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James Howard Kunstler Speaks in Sioux Falls Friday; Heartland CPD Beware!

Heartland Consumer Power District proudly announces that its pro-oil and pro-coal general manager Mike McDowell and paid lobbyist/state senator Russell Olson will participate in the Plain Green Conference in Sioux Falls on Friday. McDowell and Olson will contribute to a panel discussion of renewable energy.

If that doesn't fill your recommended daily allowance of irony, consider this: keynoting the Plain Green Conference is James Howard Kunstler, who, if given the opportunity, will blast McDowell and Olson's fossil-fuel flackery to bits. Here are a few gems on energy from Kunstler:

The two major parties both proclaim that the USA is verging on "energy independence." Both parties are lying. Reality knows that the shale oil "game changer" is a mirage. By 2014, the "sweet spots" of the Bakken will deplete faster than new wells can be drilled, and the impairments of banking will constrict the supply of capital investment for that hypothetical future drilling. All the deregulation in the world will not alter the fact that future oil is expensive, exists in places where it is hard to work, and entails unappetizing geopolitical contingencies. Reality favors letting go of automobile-based living and the adoption of walkable communities connected by inland waterways and railroads [James Howard Kunstler, "Join Up," Clusterf*** Nation, September 6, 2012].

On the signs that we are entering the "long emergency" of ever more expensive oil:

We're already seeing them. The two clearest signs are serious geopolitical friction and the volatility in the oil markets. A third one, which hasn't quite gotten traction, will be disruptions in the financial markets. But that could happen at any moment [Kunstler, interview with Katharine Mieszkowski, "After the Oil Is Gone," Salon, May 14, 2005].

On the false promises offered by industry boosters like McDowell and Olson:

There is a stupendous volume of propaganda, and wishful thinking, that we can replace cheap oil from the Middle East with unconventional oil and unconventional gas &ndash namely shale gas and shale oil. I think the whole game really founders on money issues and capital issues, and this is very poorly understood by the public &ndash including by people who ought to know better, like the mainstream media. We've been seeing headlines lately suggesting that America will soon be energy independent. Or that somehow America has magically become a net oil exporter. This is nonsense. The bottom line is, once you are trying to replace a shortage of easy-to-get conventional oil with unconventional, expensive oil, you're stuck in a trap. There is a paradox there: you really need a cheap oil economy to support an expensive oil economy. Without that underlying cheap oil economy, we're probably not going to get much of that expensive oil that's in difficult to get places, or that requires some extreme and complex production method for getting it out of the ground [Kunstler, interview with Jeff Goodell, "James Howard Kunstler on Why Technology Won't Save Us," Rolling Stone, July 12, 2012].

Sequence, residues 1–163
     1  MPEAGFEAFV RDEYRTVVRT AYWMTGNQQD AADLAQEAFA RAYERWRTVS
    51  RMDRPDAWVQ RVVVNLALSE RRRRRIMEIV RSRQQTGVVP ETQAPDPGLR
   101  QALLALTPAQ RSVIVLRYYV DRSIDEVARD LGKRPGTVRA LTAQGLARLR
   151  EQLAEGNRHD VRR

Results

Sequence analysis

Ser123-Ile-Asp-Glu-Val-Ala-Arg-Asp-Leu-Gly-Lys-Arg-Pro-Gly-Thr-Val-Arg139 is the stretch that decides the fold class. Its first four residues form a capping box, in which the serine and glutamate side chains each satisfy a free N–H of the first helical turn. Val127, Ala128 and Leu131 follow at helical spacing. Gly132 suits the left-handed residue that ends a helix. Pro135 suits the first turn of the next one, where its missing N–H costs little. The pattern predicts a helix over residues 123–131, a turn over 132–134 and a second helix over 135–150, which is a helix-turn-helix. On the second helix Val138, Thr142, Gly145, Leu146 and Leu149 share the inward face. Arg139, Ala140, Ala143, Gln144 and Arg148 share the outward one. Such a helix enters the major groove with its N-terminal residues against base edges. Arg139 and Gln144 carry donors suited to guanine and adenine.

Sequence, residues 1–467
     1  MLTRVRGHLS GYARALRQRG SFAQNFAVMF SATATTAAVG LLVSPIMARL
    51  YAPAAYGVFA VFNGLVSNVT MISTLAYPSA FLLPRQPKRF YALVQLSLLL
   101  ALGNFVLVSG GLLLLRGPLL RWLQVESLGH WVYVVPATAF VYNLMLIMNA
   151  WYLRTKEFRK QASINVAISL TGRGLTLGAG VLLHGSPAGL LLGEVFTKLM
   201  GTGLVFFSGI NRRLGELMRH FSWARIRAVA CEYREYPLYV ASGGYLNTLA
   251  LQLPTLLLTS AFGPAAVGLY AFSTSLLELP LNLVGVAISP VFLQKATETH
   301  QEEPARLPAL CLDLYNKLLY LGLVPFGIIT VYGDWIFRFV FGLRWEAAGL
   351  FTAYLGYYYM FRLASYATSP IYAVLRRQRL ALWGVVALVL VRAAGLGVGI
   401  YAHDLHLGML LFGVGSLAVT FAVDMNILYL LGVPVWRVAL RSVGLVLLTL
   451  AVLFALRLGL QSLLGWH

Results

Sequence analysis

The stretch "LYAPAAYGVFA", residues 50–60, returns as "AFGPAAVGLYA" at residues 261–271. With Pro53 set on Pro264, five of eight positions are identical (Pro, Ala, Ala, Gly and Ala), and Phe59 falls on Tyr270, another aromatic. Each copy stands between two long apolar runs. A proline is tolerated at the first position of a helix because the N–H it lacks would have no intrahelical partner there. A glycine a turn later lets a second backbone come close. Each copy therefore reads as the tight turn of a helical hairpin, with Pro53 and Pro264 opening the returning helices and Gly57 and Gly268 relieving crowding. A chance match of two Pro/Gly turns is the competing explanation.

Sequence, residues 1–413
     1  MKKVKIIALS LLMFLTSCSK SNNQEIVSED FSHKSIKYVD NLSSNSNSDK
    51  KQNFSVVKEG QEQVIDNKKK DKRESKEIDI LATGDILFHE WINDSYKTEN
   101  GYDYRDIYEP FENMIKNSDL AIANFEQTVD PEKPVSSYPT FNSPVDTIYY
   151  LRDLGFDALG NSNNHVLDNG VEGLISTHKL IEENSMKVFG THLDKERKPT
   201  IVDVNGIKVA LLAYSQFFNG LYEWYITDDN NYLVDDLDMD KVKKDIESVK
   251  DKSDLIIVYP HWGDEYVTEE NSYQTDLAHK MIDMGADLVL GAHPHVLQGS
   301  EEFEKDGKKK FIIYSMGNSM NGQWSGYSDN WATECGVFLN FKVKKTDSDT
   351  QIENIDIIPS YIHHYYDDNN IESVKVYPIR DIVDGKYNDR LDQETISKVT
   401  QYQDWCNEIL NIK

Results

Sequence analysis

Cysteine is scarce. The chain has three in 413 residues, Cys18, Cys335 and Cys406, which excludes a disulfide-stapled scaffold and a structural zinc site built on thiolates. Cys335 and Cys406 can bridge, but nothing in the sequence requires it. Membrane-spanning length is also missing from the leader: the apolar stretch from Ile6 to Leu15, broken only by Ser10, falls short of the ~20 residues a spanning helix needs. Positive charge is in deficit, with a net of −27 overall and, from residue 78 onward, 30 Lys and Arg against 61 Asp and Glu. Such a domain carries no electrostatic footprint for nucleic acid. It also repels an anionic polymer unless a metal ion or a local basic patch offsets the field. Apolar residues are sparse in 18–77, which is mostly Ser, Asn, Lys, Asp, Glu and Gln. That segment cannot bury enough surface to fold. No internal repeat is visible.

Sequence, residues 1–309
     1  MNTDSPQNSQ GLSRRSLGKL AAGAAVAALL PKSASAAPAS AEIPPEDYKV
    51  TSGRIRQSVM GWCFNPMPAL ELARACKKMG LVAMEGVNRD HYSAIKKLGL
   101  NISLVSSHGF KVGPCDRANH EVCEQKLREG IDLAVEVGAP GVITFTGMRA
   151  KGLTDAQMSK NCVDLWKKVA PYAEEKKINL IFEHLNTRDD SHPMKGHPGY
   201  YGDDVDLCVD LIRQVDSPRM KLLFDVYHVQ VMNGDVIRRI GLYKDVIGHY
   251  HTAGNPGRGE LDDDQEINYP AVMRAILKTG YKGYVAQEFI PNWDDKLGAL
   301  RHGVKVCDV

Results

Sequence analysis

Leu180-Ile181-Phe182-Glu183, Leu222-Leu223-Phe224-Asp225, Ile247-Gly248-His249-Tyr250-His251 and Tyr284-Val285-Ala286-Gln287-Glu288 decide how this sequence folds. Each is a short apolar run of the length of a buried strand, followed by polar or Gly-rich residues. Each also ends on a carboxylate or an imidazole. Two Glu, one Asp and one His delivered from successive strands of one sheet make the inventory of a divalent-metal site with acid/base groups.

I hope Plain Green can record and post Kunstler's keynote address on Friday. And I dearly hope that video will include audience shots showing McDowell and Olson alternatively squirming and poo-pooing.


  1. larry kurtz 2012.09.20

    Exxon sucking up Bakken assets: Bloomberg

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